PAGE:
Democratic Transition Events
April 23, 2013 // 12:00pm — 1:00pm
Middle East Program
The Arab Spring uprisings of 2011 were often portrayed in the media as a dawn of democracy in the region. But the revolutionaries were—and saw themselves as—heirs to a centuries-long struggle for just government and the rule of law, a struggle obstructed by local elites as well as the interventions of foreign powers. Thompson uncovers the deep roots of liberal constitutionalism in the Middle East through the remarkable stories of those who fought against poverty, tyranny, and foreign rule.
Protests, Flash Mobs, and #Occupy: Are Soviet Successor States Breaking away from the Spell of Civic Apathy?
April 08, 2013 // 12:00pm — 1:00pm
Building on her recent research into different forms of civic activism in Russia, Ukraine, and Belarus, Kateryna Pishchikova, Fellow at the Transatlantic Academy, analyzed a range of recent civic initiatives in those countries and put them in the broader context of more than two decades of uncertain political transformation.
Celebrating the Legacy of Daniel Patrick Moynihan: The Launch of "Moynihan's Moment," a New Book by Gil Troy
April 04, 2013 // 3:30pm — 5:00pm
History and Public Policy Program
McGill University Professor of History Gil Troy leads on expert panel on his latest book, "Moynihan's Moment: America's Fight Against Zionism as Racism" which explores the legacy of Daniel Patrick Moynihan.
March 29, 2013 // 10:00am — 11:30am
Middle East Program
Laurie Brand discusses her paper on the effect of regional transitions on Arab foreign policy using Egypt and Jordan as case studies.
The Sandzak Divided: Language and Identity Politics on Either Side of the New Serbian/Montenegrin Border
March 28, 2013 // 12:00pm — 1:00pm
Global Europe Program
In the post-Yugoslav context, members of these Muslim communities have largely self-identified as Bosniaks, an ethnic/national term that gained prominence among Bosnian Muslims in the period immediately following the dissolution of Yugoslavia in 1991 and the outbreak of the war in Bosnia-Herzegovina. While language policies in this region were centrally formulated in the joint state, with the dissolution of the Republic of Serbia and Montenegro in 2006, the two halves of the Sandžak experienced divergent language policies. In his presentation, Robert Greenberg, professor of linguistics at the University of Auckland in New Zealand, argues that the division of the Sandžak may have been a catalyst for destabilizing and radicalized forces to emerge in the years following the formal Serbia/Montenegro split.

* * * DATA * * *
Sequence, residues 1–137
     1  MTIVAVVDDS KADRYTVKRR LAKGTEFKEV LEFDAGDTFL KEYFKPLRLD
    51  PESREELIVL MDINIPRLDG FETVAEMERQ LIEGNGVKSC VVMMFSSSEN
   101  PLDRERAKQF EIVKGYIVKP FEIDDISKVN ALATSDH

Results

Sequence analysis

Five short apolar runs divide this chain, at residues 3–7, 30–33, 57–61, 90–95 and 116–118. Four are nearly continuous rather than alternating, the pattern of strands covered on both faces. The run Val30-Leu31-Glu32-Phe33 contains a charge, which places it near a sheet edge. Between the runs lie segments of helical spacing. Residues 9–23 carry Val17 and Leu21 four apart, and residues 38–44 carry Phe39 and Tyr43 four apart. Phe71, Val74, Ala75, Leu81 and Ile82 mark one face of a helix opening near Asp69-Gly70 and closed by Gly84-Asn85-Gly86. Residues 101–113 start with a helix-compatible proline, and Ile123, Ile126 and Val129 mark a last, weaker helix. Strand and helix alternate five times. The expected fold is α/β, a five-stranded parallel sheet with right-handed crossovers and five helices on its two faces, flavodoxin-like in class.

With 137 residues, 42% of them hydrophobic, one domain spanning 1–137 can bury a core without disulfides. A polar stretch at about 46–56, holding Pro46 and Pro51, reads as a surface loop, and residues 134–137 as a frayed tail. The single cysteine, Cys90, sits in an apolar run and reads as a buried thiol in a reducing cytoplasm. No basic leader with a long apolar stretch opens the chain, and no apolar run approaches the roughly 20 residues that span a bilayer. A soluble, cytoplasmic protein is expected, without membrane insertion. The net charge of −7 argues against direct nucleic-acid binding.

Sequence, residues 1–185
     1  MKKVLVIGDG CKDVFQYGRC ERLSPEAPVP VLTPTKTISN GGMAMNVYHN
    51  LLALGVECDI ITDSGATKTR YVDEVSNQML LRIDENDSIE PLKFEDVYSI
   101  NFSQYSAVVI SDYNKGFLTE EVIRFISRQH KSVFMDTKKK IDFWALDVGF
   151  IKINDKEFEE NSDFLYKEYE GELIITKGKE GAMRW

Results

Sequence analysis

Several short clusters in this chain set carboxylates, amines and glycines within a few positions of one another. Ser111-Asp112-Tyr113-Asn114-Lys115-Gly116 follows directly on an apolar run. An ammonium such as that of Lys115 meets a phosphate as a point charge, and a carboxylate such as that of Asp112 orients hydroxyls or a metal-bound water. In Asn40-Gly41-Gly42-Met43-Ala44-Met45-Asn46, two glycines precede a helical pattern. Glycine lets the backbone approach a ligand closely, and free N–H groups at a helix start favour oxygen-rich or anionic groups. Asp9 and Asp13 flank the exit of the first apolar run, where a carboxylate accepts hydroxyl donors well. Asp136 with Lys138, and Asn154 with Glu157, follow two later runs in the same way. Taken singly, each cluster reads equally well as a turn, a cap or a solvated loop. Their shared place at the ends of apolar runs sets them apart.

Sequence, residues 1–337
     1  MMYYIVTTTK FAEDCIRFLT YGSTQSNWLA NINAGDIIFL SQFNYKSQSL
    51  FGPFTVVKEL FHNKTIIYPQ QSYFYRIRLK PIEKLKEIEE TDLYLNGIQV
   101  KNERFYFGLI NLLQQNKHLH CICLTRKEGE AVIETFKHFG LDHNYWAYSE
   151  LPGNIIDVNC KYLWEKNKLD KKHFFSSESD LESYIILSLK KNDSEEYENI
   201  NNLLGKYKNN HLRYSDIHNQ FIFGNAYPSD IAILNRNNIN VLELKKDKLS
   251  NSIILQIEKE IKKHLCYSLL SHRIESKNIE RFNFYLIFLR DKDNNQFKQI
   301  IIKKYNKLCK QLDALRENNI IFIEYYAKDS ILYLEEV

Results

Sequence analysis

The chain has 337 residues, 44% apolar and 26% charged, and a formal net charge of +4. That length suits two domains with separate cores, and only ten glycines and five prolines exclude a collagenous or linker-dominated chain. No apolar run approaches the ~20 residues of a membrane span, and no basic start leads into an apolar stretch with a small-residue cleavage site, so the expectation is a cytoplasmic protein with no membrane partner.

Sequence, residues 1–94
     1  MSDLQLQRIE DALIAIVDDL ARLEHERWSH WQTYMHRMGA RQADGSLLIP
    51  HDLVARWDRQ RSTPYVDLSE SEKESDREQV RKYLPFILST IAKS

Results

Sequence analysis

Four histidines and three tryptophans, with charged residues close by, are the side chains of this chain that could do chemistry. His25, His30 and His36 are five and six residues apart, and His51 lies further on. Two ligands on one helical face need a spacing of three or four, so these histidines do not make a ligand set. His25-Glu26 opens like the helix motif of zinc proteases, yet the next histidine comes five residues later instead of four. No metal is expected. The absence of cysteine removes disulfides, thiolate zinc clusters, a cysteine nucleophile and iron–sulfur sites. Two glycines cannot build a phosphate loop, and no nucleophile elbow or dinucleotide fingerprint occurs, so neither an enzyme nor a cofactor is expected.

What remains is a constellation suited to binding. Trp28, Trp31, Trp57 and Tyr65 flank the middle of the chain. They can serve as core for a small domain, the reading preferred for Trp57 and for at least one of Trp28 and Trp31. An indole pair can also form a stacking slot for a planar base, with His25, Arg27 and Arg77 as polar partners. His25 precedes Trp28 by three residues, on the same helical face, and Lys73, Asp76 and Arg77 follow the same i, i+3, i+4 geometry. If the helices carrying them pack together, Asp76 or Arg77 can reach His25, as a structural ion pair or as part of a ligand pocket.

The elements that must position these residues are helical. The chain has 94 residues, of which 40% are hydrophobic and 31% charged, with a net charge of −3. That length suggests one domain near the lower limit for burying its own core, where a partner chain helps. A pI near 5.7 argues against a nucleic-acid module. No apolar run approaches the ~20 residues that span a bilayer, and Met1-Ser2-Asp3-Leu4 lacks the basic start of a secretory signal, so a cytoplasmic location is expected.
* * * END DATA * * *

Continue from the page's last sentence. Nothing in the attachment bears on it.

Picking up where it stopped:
March 25, 2013 // 12:00pm — 1:00pm
"Russian Citizenship" is the first book to trace the Russian state’s citizenship policy throughout its history. Focusing on the period from the mid-nineteenth century to the consolidation of Stalin’s power in the 1930s, Eric Lohr considers whom the state counted among its citizens and whom it took pains to exclude. His research reveals that the Russian attitude toward citizenship was less xenophobic and isolationist and more similar to European attitudes than has been previously thought—until the drive toward autarky after 1914 eventually sealed the state off and set it apart.
March 22, 2013 // 9:00am — 11:00am
Latin American Program
This event is co-sponsored with the Kellogg Institute for International Studies, University of Notre Dame.
March 21, 2013 // 4:00pm — 5:30pm
Jesse Driscoll, Academy Scholar, Harvard Academy for International and Area Studies, Harvard University, and Assistant Professor of Political Science, School of International Relations and Pacific Studies, University of California at San Diego discussed his forthcoming book on how political order emerged in Tajikistan and Georgia after the violent chaos of the Soviet collapse.
March 14, 2013 // 2:30pm — 4:00pm
Two experts step back from all the talk about surveys, polling, and favorites to discuss broader issues of credibility and institutions, among other topics, in Pakistan's upcoming elections.
March 14, 2013 // 12:00pm — 1:00pm
Global Europe Program
The eastern European revolutions of 1989 were a watershed in global history. Despite this, in the two decades since, their meaning has become a source of debate. While they have been promoted as a founding myth for a newly unified Europe, eastern Europeans have repeatedly represented them as a moment of betrayal, martyrdom, liberation, victory, disappointment, loss, colonization, or nostalgia.